September 23, 2012
Sahba Aminikia’s Deltangi-Ha was premiered by the Delphi Trio Sunday afternoon at Old First Church. The new work is a series of what the composer calls “postcards” evoking memories from his life in Iran. It began with a strong hook — intense gestures uttered over a vehement ostinato in the piano, representing the bustling metropolis of Tehran. The flavor of Middle Eastern music was immediately palpable but not overpowering. It set the composer’s voice as strongly influenced by his native country’s idiom yet also undeniably informed by classical training and the world of academic new music — a healthy balance. In a preconcert talk, Aminika, whose string quartet was premiered by Kronos last year, remarked that his aim was to completely avoid the sound of “European sentimental music.” That’s pretty difficult to do with just piano, violin, and cello.
The next vignette is about “Childhood Under Missiles.” The strings captured the whistle of Sadam Hussein’s incoming rockets while clusters in the piano’s lower register represented their destructive landing in the audible distance. Aminikia confessed that his memories of the Iran–Iraq war were not all bad. I can relate to this assertion, for I heard Iraqi Scud rockets landing in Israel during the Gulf War. To children who were shielded from the outright horrors of war, the overall atmosphere can feel exhilarating and heroic. This fear tinged with excitement was captured in Aminikia’s music.
The movements segued into one another without pause, the way memories float in and out of consciousness. From urban chaos to war scenes, the composition moves to tender moments in “First Love Under Snow” and to celebration in “Nawruz” (the Persian new year). The last movement, “Those Who Flew Away,” refers to “memories flying over the oceans trying to reach me,” according to the composer’s program note. This latter movement was by far the most effective, made even more poignant by that beautiful, extramusical idea. The piano played tremolo throughout, under detached string lines that floated free and lost. Tremolo is a common effect on stringed instruments, whose players simply move their bows rapidly with their wrists. On the piano, the same key has to be reengaged by alternating fingers. Pianist Jeffrey LaDeur played his notes with remarkable endurance, creating an eerie soundbed until the ending.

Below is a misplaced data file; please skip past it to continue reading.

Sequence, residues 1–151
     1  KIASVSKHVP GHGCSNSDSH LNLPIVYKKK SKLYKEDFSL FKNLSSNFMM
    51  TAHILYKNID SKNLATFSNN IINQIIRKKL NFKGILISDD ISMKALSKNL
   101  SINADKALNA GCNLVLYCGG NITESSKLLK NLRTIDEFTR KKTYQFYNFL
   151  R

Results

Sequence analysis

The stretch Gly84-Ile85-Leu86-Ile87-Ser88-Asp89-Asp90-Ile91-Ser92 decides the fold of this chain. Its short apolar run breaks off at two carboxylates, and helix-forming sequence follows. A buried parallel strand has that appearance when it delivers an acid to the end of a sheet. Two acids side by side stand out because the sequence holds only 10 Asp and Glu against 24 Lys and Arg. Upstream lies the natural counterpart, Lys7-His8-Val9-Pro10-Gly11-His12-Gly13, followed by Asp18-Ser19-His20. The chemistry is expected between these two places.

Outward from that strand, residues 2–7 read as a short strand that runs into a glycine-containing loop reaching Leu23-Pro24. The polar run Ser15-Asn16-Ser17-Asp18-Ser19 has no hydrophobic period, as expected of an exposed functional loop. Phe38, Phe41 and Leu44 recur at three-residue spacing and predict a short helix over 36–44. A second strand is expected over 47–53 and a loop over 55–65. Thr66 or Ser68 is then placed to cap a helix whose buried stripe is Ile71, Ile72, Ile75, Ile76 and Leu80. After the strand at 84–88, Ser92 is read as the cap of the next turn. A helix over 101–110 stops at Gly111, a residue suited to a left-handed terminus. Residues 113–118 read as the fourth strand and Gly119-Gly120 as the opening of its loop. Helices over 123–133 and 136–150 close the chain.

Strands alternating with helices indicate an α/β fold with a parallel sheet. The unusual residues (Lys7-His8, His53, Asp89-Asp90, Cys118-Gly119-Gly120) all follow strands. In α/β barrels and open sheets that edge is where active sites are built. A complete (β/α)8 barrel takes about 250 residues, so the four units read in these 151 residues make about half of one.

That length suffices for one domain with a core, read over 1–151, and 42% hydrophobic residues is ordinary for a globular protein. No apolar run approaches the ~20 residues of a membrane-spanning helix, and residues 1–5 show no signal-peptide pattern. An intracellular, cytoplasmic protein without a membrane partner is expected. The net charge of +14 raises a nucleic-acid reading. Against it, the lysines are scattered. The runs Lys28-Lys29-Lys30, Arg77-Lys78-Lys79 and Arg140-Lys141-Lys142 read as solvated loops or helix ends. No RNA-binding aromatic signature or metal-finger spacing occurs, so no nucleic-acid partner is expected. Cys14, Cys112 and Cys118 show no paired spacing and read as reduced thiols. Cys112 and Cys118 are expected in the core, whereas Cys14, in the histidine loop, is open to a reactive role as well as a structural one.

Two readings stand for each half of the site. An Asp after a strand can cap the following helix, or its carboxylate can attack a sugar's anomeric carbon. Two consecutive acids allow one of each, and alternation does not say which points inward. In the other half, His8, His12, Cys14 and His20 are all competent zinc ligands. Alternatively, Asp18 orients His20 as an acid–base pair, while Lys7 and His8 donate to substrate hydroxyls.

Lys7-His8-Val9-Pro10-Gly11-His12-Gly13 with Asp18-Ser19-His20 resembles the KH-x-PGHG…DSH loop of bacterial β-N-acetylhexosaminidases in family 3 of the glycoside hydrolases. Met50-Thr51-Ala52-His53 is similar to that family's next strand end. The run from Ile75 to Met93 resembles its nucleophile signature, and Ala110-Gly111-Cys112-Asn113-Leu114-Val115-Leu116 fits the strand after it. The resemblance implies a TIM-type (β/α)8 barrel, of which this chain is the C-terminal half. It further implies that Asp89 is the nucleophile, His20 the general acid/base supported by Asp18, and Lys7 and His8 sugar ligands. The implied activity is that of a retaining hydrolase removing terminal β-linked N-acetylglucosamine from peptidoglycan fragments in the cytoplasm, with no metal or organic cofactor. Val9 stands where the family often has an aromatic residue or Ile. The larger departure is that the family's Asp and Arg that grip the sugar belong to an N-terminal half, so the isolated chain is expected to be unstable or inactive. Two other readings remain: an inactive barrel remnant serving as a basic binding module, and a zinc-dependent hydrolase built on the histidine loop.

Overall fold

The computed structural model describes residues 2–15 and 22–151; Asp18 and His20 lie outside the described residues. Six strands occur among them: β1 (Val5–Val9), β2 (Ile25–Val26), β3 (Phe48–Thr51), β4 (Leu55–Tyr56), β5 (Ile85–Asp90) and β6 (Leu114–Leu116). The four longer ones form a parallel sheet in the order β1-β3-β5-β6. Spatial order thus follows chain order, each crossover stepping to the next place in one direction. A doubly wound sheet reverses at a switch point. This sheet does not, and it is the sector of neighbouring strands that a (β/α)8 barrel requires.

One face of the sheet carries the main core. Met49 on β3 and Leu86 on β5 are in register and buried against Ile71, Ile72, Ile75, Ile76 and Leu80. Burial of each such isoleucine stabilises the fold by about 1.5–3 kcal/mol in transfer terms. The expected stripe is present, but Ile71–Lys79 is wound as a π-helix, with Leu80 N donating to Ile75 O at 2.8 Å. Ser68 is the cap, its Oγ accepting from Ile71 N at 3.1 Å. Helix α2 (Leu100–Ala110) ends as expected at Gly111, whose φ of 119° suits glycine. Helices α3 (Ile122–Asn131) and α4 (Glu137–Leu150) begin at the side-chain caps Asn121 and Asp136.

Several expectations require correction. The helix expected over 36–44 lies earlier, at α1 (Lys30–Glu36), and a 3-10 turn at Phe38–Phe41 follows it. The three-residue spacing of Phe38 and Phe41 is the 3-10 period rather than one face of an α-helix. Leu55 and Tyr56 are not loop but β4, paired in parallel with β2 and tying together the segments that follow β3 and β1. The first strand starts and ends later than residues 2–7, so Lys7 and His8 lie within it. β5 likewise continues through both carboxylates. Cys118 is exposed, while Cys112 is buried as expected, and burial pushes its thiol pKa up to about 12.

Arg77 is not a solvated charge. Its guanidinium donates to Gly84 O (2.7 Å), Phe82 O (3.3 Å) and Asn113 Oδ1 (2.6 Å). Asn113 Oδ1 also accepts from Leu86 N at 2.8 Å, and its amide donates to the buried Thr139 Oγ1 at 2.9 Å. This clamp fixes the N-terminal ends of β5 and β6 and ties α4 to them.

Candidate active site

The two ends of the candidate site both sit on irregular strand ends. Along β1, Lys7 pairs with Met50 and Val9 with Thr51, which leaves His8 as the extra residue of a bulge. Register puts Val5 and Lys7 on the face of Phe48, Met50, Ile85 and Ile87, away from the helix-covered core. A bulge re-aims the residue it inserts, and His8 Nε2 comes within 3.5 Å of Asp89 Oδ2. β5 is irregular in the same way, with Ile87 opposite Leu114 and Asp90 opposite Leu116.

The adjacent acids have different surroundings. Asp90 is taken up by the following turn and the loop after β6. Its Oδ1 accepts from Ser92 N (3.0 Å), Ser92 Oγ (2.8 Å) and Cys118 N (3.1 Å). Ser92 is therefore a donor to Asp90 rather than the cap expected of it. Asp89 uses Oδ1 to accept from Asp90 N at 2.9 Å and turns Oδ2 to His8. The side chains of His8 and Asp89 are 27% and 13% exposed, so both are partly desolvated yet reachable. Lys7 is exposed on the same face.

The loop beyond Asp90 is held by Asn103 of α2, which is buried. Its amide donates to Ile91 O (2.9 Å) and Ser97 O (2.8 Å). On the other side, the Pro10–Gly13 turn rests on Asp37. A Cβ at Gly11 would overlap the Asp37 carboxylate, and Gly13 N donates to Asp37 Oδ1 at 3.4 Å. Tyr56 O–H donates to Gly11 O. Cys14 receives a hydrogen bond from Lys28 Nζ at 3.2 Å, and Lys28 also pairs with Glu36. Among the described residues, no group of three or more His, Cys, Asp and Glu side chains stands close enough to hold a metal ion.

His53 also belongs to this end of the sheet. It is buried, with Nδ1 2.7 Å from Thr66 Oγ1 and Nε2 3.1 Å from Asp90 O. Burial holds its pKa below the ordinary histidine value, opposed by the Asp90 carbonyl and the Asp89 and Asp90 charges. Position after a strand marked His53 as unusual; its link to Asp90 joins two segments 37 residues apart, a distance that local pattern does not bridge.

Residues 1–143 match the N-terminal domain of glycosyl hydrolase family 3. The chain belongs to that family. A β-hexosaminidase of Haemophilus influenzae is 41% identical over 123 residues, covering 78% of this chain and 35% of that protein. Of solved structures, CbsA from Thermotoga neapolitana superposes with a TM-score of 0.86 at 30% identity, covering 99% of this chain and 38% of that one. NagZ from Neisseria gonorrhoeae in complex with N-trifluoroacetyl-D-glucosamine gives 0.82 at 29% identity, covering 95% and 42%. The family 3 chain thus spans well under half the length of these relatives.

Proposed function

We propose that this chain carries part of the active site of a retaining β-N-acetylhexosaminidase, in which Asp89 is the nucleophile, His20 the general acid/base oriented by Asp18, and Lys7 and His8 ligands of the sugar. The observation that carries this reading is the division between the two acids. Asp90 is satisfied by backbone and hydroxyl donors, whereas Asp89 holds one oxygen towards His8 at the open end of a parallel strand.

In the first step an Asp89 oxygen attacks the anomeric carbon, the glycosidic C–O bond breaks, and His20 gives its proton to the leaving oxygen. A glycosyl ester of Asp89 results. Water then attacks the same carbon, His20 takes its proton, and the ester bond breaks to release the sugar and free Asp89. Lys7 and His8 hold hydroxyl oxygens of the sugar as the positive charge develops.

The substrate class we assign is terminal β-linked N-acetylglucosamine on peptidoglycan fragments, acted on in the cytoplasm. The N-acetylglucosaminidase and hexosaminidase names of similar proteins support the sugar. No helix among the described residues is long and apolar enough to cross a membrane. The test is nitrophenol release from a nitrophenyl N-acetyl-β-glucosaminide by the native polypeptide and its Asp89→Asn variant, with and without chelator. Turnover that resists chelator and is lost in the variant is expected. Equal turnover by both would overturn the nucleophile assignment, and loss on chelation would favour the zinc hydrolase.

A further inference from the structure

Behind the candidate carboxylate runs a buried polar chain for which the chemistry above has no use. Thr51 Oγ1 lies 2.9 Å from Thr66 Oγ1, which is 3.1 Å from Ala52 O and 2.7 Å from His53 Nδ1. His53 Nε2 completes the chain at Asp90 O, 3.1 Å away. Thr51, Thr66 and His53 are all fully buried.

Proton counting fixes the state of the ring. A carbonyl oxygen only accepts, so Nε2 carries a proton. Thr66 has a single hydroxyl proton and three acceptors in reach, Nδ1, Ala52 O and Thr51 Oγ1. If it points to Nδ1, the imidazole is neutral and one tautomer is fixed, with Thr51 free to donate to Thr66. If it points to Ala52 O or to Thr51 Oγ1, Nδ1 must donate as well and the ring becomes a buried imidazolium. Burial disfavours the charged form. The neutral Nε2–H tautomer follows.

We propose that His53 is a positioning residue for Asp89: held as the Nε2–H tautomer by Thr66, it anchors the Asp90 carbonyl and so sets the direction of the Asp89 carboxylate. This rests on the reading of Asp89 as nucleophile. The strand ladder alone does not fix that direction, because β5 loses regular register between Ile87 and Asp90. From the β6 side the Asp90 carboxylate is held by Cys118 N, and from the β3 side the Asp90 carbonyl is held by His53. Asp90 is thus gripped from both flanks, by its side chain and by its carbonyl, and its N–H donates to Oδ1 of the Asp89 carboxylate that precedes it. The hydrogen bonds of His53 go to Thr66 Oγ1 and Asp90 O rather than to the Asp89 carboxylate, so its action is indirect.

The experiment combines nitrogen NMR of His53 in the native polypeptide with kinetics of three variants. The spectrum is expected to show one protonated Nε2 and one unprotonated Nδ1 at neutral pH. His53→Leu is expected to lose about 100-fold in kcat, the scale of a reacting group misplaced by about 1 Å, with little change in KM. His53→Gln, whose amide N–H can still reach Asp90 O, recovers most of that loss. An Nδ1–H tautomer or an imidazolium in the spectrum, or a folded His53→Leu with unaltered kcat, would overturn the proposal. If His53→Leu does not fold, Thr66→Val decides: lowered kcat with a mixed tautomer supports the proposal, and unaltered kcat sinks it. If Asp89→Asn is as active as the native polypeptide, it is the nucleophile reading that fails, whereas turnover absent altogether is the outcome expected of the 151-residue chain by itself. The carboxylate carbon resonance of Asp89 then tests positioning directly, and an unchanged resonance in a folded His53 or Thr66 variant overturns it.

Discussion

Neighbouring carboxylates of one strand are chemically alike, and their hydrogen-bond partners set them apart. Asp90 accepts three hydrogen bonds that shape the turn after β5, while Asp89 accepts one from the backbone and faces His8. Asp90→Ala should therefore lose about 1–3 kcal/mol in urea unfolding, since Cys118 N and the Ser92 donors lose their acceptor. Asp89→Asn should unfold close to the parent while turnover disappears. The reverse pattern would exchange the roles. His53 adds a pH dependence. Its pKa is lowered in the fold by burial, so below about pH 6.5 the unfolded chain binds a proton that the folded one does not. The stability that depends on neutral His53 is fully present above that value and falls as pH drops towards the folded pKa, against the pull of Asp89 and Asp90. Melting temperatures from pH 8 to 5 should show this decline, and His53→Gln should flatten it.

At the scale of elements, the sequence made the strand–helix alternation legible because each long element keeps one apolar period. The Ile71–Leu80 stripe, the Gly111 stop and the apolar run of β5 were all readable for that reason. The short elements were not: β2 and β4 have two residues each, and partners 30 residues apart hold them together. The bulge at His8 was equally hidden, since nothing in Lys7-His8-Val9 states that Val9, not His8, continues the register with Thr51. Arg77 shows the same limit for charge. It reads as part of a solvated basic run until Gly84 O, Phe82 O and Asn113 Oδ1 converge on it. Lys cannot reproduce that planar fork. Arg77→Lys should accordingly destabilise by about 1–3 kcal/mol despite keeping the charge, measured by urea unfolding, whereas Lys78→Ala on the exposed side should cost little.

Aminika also talked about media-generated connotations associated with his country: a terrorist-supporting, extremist, Islamic regime. Islamophobia takes over our perceptions, and we don’t hear enough about other aspects of Persian culture: the poetry of Rumi and of Hafiz Shirazi, for example, and a culturally rich nation thousands of years old. As an Israeli, the war tensions resonate very strongly with me when I hear family members, fraught with worry, claiming, “If they get a bomb, we’re done for!” But I too love Rumi and was reminded by Deltangi-Ha of the “Israel ♥ Iran, we will never bomb you” campaign initiated by citizens who oppose their governments’ penchant for war — it strengthens them politically.
Fear tinged with excitement was captured in Aminikia’s music.
But back to the music. The Trio opened the concert with Haydn’s implausibly light and bright Piano Trio in E-flat Major. It has only two effervescent movements, both covered by seemingly simplistic and predictable arpeggio patterns. Still, it is very difficult to muster this naive Viennese levity, shedding the weight of modern cynicism to play purely classical music as if it had just been discovered. The Delphi Trio, fresh out of the conservatory, plays with the tender young joy of a newly united trio, with a bright future awaiting them with a residency at Old First Concerts and in Banff, Canada, plus a touring schedule that continues to grow.
Since the Haydn contains no slow movement, it made perfect sense to follow it up with the Schubert Notturno in the same key. Schubert extends Haydn’s language to reach stunning harmonies: heart-choking major–minor transitions and dark harmonic turns typical of his late style, colored with expertise by the Delphi’s sensitive playing.
The Delphi Trio, fresh out of the conservatory, plays with the tender young joy of a newly united trio.
After intermission, the Trio played Dvořák’s Piano Trio No. 3 in F Minor, a typical, late-Romantic tour de force. This longish work contains enough musical material for an entire symphony, keeping its three players very busy. The Delphi Trio played it efficiently, going through all the motions, though a little bit of extra boldness would have served them nicely. Liana Bérubé is an elegant violinist and a great player but sounded somewhat timid. Michelle Kwon plays her cello with great fluidity but could stand to dig deeper, especially in a church acoustic. (Courage!)
Old First Church, now in its 42nd season, is one of San Francisco’s most exciting chamber music venues and has no fewer than 72 concerts planned this season, most of them by emerging local artists. Its location, on Van Ness Avenue on the border of the Polk Street district and the Tenderloin, a few blocks north of the Civic Center, is quirky. The acoustics, if on the boomy side, are enjoyable, especially in the balcony. Its concerts are well worth hearing.